Terpenes 101: They Are Highly Valuable

Have you ever wondered what terpenes are and why they’re important in the cannabis community? They’re actually pretty cool, and we’ll tell you why.

They are not only responsible for the characteristic aroma of different cannabis strains, but also have their own therapeutic effects.

The CBD and THC percentage are the main factors for indica or sativa effects. But each of the many terpenes in the plant changes in smell, taste, and specific medicinal properties.

Table of Contents

Terpenes 101

In short, they are an essential compound in cannabis and are among the most common organic compounds. Almost all plants produce terpenes, from citrus to conifers, and cannabis, in particular, produces loads of them.

They are responsible for the fragrant smell in plants. Highly aromatic plants like lavender, rosemary, and mint are full of terpenes. Because of their composition, they represent the characteristic herbaceous, spicy, floral, and fruity aromas you’re familiar with.

But that’s not all. Let’s get down to the nitty gritty science behind terpenes.

The Science Behind Terpenes

Terpenes are volatile organic substances from which we have extracted essential oils for thousands of years. They’re also found in cannabis plants and give them a distinctive smell. In short, they control how a plant tastes and smells. Each terpene has a distinct flavor, aroma, and set of therapeutic characteristics.

Cannabis has well over 500 known components, 140 of which are terpenes. Chemically, they belong to carbon-hydrogen compounds. To date, researchers have discovered over 8,000 terpenes and around 30,000 terpenoids. They belong to secondary plant substances, meaning they are not necessary for a plant’s survival.

Terpenes are a strong trait of the cannabis plant, but they’re found not just in indica, sativa, and ruderalis, but in all plants. As a result, all the aromas and flavors associated with them are named after plants.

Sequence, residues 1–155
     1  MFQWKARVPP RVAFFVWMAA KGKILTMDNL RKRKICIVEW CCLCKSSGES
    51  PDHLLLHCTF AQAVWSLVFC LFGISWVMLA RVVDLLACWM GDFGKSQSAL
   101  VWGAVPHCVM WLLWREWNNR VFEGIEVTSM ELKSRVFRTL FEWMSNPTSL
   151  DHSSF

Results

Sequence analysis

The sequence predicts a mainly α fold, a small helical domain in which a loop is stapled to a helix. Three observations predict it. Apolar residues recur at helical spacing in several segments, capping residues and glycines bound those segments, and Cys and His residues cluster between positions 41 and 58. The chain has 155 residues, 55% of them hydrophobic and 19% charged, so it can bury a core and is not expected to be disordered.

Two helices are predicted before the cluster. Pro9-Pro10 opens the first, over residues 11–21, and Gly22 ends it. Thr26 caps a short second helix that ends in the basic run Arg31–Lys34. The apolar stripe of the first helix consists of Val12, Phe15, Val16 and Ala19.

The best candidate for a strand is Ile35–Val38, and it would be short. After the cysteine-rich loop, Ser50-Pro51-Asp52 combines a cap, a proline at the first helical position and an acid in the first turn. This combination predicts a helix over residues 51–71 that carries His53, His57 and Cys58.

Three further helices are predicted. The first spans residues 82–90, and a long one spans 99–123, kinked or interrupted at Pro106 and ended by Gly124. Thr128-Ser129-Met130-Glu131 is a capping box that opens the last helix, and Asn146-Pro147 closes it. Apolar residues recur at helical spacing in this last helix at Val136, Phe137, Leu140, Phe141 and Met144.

For example, they give lemons their unique flavor can be found in the sweet and tart Lemon Kush marijuana strain when appropriately bred.

The Many Uses of Terpenes

Dozens of scientific studies show the diverse medical, biological, and industrial potential of this simple hydrocarbon compound. Terpenes have a lot of other interesting uses, too. In fact, you’ve probably experienced their power even if you weren’t aware.

Cannabis Plant Protection

Cannabis plants are typically less susceptible to parasites, pests, fungi, and bacteria. Terpenes handle this, keeping your hemp plants pest-free.

They are mostly present in the plant’s resin, known as trichomes. These tiny, sticky growths develop on the cannabis buds to enhance the pest management system’s natural defenses. The basic function of the cannabis plant’s terpenes is to defend and protect them through smell.

Essential Oils

Like cannabinoids, we can also isolate essential oils from the flowers and leaves of hemp plants. The key components of these oils are terpenes.


Plants use terpenes to attract beneficial insects and pollinators and protect against pests. For this reason, you can safely use them as environmentally friendly insecticides and pesticides.

Food and Perfume

Besides aromatherapy, manufacturers also use terpenes as flavorings in the food industry or as odorants in the perfume industry.


Terpenes are highly versatile and excellent components for cleaning agents and solvents because they dissolve fat.

Terpenes in cosmetics

Medicinal Uses of Terpenes

Terpenes are phytochemicals that have recently aroused great interest from biologists and pharmacologists due to their incredibly diverse application areas. Their biological functions open a wide area of ​​research, but their medical potential is likely enormous.